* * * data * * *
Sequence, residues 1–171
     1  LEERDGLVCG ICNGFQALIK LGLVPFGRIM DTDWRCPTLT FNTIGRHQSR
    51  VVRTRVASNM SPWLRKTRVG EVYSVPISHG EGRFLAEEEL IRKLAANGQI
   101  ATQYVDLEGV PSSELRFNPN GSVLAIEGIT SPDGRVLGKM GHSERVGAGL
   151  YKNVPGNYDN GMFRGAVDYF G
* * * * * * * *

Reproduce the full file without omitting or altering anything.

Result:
Sequence, residues 1–171
     1  LEERDGLVCG ICNGFQALIK LGLVPFGRIM DTDWRCPTLT FNTIGRHQSR
    51  VVRTRVASNM SPWLRKTRVG EVYSVPISHG EGRFLAEEEL IRKLAANGQI
   101  ATQYVDLEGV PSSELRFNPN GSVLAIEGIT SPDGRVLGKM GHSERVGAGL
   151  YKNVPGNYDN GMFRGAVDYF G